Take heed: The project templates recommend detrending the time series instead of taking differences. If you eliminate the trend with an inflation index, an ARIMA process fits better.

If no drift is evident, we examine if the time series is mean reverting. A mean reverting time series moves up if it is below the mean and down if it is above the mean. A mean reverting time series can be either oscillatory or asymptotic. Many actuarial and financial time series have an exponential drift or are not mean reverting. Interest rates may or may not have a drift. Real interest rates are generally mean reverting; nominal interest rates may or may not be mean reverting.

Jacob: If the time series has no drift and is mean reverting, is it stationary?

Rachel: A time series is not stationary if the mean or variance changes. The project template on interest rates shows how FED policy affects your ARIMA modeling.

Illustration: In the 1970’s, the U.S. tried to use inflation to control unemployment. In the early 1980’s, the Federal Reserve Board slowed the money supply growth to restrain inflation. The mean nominal interest rate rose and then fell by over 500 basis points in a few years, and the variance of the interest rates increased and then declined significantly.

You have two possible solutions:

 

Separate the time series into three eras (regimes).

Use the residuals of interest rates on inflation.

 

Using second differences is not correct.

Jacob: How do we find and test for a change in regime?

Rachel: We use exogenous knowledge; we have no specific statistical test. We examine the plot of interest rates and see if a change in the mean, variance, or drift seems likely. We show an illustration on the discussion forum: the mean, variance, and drift of interest rates changes materially among three periods.

If we suspect a change in regime, we use two or more time periods, often with an interlude in between. For interest rates, we show illustrative time periods of 1945-1978, 1979-1982, and 1983-2000. For your student project, you can divide the time period differently. We re-do the time series analysis on each part.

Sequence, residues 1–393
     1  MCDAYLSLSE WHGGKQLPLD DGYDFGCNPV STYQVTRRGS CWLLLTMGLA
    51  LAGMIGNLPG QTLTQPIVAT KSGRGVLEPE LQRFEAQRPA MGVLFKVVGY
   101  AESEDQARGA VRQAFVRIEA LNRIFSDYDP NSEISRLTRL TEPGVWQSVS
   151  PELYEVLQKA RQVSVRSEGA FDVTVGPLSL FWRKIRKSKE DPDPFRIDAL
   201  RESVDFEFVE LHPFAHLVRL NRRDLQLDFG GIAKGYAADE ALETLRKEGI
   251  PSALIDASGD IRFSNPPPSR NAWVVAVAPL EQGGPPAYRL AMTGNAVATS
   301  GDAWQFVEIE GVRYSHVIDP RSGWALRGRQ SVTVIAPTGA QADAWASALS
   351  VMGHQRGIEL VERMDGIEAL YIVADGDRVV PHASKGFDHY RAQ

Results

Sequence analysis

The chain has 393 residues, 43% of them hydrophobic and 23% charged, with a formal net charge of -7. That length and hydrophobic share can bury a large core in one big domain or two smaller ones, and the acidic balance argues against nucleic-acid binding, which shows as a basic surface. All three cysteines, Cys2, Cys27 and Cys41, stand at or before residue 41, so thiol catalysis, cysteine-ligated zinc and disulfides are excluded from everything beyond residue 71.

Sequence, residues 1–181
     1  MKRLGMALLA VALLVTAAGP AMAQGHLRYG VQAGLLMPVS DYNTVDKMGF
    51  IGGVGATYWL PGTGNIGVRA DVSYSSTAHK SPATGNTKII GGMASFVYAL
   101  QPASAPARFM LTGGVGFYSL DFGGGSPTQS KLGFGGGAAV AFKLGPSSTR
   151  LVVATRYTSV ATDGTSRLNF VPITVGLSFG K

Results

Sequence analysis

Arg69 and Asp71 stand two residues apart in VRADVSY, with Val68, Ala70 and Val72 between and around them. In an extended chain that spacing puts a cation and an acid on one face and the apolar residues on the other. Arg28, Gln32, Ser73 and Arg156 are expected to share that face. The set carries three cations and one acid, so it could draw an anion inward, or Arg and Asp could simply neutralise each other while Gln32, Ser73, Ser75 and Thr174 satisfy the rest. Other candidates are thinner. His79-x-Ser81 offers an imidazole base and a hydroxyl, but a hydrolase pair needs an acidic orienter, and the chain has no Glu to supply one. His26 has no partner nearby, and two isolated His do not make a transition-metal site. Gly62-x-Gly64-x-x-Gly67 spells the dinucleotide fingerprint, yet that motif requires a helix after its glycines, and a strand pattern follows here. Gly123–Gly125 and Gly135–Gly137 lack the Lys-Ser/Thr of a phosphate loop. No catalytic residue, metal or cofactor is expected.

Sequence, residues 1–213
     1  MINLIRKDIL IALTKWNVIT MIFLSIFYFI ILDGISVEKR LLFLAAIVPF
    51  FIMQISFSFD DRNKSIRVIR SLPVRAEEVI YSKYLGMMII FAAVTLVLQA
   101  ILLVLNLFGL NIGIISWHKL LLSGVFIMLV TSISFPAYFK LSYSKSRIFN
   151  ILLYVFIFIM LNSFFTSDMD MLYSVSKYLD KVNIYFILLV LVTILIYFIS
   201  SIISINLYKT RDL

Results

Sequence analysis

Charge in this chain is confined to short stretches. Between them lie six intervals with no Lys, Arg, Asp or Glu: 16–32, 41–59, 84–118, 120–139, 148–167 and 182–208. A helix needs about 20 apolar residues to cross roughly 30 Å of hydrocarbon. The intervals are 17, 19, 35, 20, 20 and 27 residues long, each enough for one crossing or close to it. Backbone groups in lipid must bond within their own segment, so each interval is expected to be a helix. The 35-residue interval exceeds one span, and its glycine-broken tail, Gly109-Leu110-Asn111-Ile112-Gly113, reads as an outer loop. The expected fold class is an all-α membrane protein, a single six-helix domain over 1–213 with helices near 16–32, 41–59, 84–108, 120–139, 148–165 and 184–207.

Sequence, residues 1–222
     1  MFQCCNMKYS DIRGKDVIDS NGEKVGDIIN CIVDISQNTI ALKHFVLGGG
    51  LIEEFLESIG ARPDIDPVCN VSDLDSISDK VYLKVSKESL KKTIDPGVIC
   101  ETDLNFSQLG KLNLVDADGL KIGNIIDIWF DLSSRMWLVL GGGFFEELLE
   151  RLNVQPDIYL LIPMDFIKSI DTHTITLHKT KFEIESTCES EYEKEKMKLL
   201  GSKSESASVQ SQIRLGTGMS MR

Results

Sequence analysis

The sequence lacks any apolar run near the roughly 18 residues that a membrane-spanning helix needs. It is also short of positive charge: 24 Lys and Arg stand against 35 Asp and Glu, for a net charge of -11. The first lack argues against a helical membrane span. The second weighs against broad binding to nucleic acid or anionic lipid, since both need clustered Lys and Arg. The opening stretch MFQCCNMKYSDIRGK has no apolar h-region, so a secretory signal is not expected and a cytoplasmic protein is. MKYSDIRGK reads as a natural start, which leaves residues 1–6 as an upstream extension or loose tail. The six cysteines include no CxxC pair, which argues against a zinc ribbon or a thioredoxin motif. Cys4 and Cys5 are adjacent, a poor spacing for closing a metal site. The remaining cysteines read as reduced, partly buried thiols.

Jacob: If the ARIMA models fit better by part, do we use separate models?

Rachel: We get more stable results in each part even if there are no real changes. Unless the change is large, we don’t use separate parts.

Illustration: If we get a mean interest rate of 8% in one period and 7% in the second period, we assume this is random fluctuation and use a single time series. If the means are 11% and 5%, we assume a regime change and use two periods.

We form correlograms for each period. The correlogram should validate the intuition from looking at the plots. For the student project, you form the plot, make a guess about the type of time series, and then form a correlogram to validate your inference.

Speed of Decline

If the sample autocorrelations do not decline to zero, or if the decline is too slow, the time series is not stationary. We take first differences (and perhaps logarithms) to form a stationary time series.

Jacob: What is too slow? Are sample autocorrelations of ½, a, ¼, …, 1/n, …, too slow?

Rachel: Too slow means the time series is not autoregressive or moving average.

 

If the time series is moving average, the autocorrelation drops to zero after period Q, where Q is the order of the moving average model.

If the time series is autoregressive, the autocorrelations have a geometrically declining envelop after period P, where P is the order of the model.

 

The sample autocorrelations in your example show too slow a decline.

Jacob: Should we examine also the second and third differences?

Rachel: We stop taking differences as soon as we get a stationary series. Few time series are homogeneous of order more than one. It is sometimes worthwhile to look at the second differences, but that is not required for the student project.

Jacob: Are the interest rate time series all similar?

Rachel: The time series differ by type of interest rate and by era. The short rate may have a varying mean, the long rate may be a random walk, and the real interest rate (the residual) may be white noise. Your student project can compare the time series.

Length of Periods

Jacob: How long a period do we use? Some interest rates on the web site start in 1945. Do we use all 60 years?

Rachel: The length of the time series depends on two items: